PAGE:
The Fine Print
Rep. Michele Bachmann is “sorry” that Gov. Jan Brewer vetoed a controversial bill in Arizona that would have allowed businesses to legally refuse service to same-sex couples because of religious objections.
“I believe that tolerance is a two-way street, and we need to respect everyone's rights, including the rights of people who have sincerely held religious beliefs,” Bachmann, a Minnesota Republican told “The Fine Print.”
Many prominent Republicans, including former Republican presidential candidates Mitt Romney and Sen. John McCain of Arizona have backed Brewer’s decision to veto the bill, but the tea party leader said they are wrong on this issue.
“Religious liberties and the protection of our religious liberties is right,” she said. “Right now, there's a terrible intolerance afoot in the United States, and it's against people who hold sincerely held religious beliefs.”
Bachmann was recently quoted as saying that she doesn’t believe there’s a “pent-up desire” for a female president. When asked about the remark, Bachmann said her position comes from her own experience as a presidential candidate in the Republican 2012 presidential primary.
“Obviously, I believe that a woman can be president; I believe that a woman will be president,” she said. “I just don't think that it will be Hillary Clinton for obvious reasons. She's proved that she would be incapable of being commander-in-chief. She's the godmother of Obamacare, and she represents the third term of a Barack Obama presidency.”
On the topic of 2016, Bachmann said there are many Republicans presidential hopefuls who, “without a shadow of a doubt,” could go head-to-head with the former secretary of state in a presidential contest.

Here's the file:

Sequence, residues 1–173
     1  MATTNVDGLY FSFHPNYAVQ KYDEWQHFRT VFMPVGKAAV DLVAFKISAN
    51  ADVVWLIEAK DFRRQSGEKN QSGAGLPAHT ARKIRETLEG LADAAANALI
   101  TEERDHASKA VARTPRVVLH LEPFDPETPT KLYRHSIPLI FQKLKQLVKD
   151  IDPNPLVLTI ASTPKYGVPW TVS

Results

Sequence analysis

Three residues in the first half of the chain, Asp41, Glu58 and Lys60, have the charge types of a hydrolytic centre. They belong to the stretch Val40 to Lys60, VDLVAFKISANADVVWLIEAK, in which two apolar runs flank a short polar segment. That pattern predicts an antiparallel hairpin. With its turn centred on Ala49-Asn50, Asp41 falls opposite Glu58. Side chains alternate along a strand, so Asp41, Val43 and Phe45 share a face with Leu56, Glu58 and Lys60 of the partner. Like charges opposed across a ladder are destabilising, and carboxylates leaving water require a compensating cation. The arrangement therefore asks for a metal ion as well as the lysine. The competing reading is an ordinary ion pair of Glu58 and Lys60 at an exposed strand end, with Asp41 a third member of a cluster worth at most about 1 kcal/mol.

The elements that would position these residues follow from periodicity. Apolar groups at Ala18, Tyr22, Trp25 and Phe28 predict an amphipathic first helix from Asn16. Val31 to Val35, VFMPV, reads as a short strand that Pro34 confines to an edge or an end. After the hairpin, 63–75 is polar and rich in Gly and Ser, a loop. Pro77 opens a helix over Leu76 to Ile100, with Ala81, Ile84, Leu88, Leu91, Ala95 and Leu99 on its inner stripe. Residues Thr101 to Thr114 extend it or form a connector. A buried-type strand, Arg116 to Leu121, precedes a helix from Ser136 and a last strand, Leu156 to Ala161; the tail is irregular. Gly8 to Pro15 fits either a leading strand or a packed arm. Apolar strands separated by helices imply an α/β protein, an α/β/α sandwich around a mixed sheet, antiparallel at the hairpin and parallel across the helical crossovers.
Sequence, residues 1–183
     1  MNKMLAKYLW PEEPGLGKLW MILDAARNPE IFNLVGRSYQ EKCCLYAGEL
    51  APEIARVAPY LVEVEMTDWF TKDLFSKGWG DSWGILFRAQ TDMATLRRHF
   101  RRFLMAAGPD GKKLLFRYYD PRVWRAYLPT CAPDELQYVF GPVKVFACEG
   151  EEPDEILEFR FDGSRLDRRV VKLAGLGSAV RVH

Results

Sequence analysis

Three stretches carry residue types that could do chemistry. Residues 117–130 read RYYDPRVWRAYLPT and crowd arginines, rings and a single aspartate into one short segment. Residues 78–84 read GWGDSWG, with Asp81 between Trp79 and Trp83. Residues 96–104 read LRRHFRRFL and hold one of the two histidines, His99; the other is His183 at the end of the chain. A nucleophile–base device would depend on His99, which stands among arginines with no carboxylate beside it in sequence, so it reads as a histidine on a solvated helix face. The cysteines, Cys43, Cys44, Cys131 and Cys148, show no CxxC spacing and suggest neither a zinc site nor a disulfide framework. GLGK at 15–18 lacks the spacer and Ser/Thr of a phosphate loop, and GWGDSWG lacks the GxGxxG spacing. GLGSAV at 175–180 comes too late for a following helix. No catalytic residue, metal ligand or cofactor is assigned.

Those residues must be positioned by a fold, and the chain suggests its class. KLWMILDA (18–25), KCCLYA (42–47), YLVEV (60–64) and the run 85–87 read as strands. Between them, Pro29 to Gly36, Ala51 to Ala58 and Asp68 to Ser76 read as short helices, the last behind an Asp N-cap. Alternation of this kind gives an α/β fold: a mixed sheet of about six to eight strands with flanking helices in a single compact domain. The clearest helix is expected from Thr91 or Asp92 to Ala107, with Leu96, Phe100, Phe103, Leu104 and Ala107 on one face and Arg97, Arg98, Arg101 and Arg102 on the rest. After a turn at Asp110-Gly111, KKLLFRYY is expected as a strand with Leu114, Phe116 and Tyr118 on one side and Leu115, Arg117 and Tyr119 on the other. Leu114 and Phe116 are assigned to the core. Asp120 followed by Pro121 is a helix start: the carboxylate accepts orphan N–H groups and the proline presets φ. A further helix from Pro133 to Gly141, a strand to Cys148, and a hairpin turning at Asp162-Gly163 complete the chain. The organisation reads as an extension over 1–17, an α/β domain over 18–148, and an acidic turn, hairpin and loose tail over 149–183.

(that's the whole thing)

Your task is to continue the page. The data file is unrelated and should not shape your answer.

“There's a lot of them out there … but I think it would be a real mistake to focus on 2016,” she said. “We've got the 2014 election in front of us, just months away. We need to focus on that because that will change the table, rearrange the table here in Washington.”
Though she is not personally seeking reelection this year, Bachmann forecasts that Republicans will have a strong showing in the midterm elections and gain a majority in the Senate -- a prediction that she credits in part to President Obama, who she says has “fundamentally transformed” the country in a way that’s unrecognizable.
“We didn't' want a third world nation; we don't want a so-called banana republic,” she said. “We want to be the economic powerhouse of the world. We want to be the military powerhouse of the world and President Obama is gutting us on both of those fronts … that's why I think President Obama and his party are going to do very poorly at the polls this fall.”
The congresswoman, who is credited with helping to start the tea party in Congress five years ago, rejected the notion that the Republican establishment and tea party are at war with one another, and said the party should work toward unity as it progresses into the election year.
“What we're trying to do is embrace each other as much as we can because the greatest politician of modern times was Ronald Reagan, and his advice was find someone who you can agree with 80 percent of the time and agree with them,” Bachmann said. “And we've got that between the tea party and the so-called establishment.”
Some tea party groups have called for a primary challenge to Speaker John Boehner, even holding a contest to find a candidate. She said she did not support such a move and said it’s time for the conservative activists to be more pragmatic in picking their battles.
“I really think that the bigger issue that we'll be focused on by Republicans, by conservatives, and by tea partiers will be the challenge to Harry Reid in the senate as opposed to John Boehner,” Bachmann said. “Right now, the House of Representatives is in conservative hands. That's really the goal. And we have to keep our eye on the prize.”
For more of the interview with Bachmann, including what she points to as the tea party’s major accomplishment over the last five years, check out this episode of “The Fine Print.”
ABC News’ Betsy Klein, Alexandra Dukakis, Tom Thornton, Chris Carlson, and Mary Quinn contributed to this episode.